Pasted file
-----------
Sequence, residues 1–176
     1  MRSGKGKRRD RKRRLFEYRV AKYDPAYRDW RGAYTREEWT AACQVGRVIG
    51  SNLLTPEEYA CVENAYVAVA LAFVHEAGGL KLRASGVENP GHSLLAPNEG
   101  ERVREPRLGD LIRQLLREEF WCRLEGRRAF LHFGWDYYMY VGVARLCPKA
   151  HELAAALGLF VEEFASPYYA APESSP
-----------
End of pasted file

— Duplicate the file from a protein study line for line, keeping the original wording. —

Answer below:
Sequence, residues 1–176
     1  MRSGKGKRRD RKRRLFEYRV AKYDPAYRDW RGAYTREEWT AACQVGRVIG
    51  SNLLTPEEYA CVENAYVAVA LAFVHEAGGL KLRASGVENP GHSLLAPNEG
   101  ERVREPRLGD LIRQLLREEF WCRLEGRRAF LHFGWDYYMY VGVARLCPKA
   151  HELAAALGLF VEEFASPYYA APESSP